Written by: Dan Casey-Dunn
Primary Source: Michigan Policy Wonk Blog, May 17, 2016
Asian carp has been a tremendous issue for the State of Michigan over the past decade. The Federal Government recently announced a plan (link is external) to spend $57.3 million dollars in 2016 to stop the threat of the invasive aquatic species to the Great Lakes. The plans call for the construction of physical fish barriers at particular choke points, as well as in depth studies of where Asian Carp are at various points in their life cycle, to ensure the best way to stop the threat. Michigan lawmakers are at odds about the best way to prevent the carp from wreaking havoc in the great lakes, but agree (for once) on the necessity to do something. (link is external)
Missed in much of this debate is the responsibility of Michiganders. Knowing how to best mobilize Michigan residents to help prevent the spread of Asian carp, first starts with identifying Michigan resident’s current beliefs and thoughts on the species. This is precisely what a Michigan Applied Public Policy Research paper sought to do. A comprehensive survey was undertaken, scientifically polling Michigan residents from across the State, and the results were mixed: most Michigan residents get their information about Asian carp from television, with internet coming in at a close second, and experience coming in last. Further, the paper, released in 2015, looks at Michigan residents’ risk perceptions and public support for various aquatic invasive species. Most residents viewed the risk as generally high. Questions were also asked about how willing an individual would be to take no action, catch and release a carp elsewhere, or call authorities to file a report, set up a physical barrier or lethally poison the fish. The paper can be viewed, in full, on IPPSR’s website, or by clicking here.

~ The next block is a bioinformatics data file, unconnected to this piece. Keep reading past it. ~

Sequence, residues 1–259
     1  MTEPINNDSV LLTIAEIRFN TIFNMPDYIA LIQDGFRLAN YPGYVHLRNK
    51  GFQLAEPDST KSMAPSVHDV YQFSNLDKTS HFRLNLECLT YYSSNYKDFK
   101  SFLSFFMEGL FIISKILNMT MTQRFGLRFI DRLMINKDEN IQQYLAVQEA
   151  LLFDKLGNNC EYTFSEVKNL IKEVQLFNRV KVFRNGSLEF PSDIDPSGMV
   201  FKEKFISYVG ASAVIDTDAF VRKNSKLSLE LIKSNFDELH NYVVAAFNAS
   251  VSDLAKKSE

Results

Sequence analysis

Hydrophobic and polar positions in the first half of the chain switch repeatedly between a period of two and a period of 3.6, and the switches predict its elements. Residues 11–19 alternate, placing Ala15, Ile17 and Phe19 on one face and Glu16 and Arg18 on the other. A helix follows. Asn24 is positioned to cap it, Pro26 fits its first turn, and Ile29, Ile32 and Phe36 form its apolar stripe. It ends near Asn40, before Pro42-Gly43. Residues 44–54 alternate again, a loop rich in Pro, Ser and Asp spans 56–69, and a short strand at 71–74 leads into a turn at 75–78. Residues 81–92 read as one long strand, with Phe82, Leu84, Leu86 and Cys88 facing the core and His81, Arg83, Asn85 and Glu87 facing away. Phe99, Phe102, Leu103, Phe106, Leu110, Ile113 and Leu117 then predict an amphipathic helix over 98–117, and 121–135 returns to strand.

So what do these results mean for those wishing to influence the debate around Asian carp? For starters, most Michigan residents have had no experience with the fish, but rather, have gained their information through television and the internet. This is important for legislators to recognize that few residents have actually dealt with the Carp. Further, the mixed reactions towards the various plans to remove the carp are indicative of a populace that has little information or knowledge regarding the invasive species, and the best way to eliminate the population in the Great Lakes. Therefore, an intelligent legislator, or advocacy group would first seek to educate Michigan residents about the best way to deal with Asian carp, and then focus on promoting the plan to remove the aquatic nuisance.
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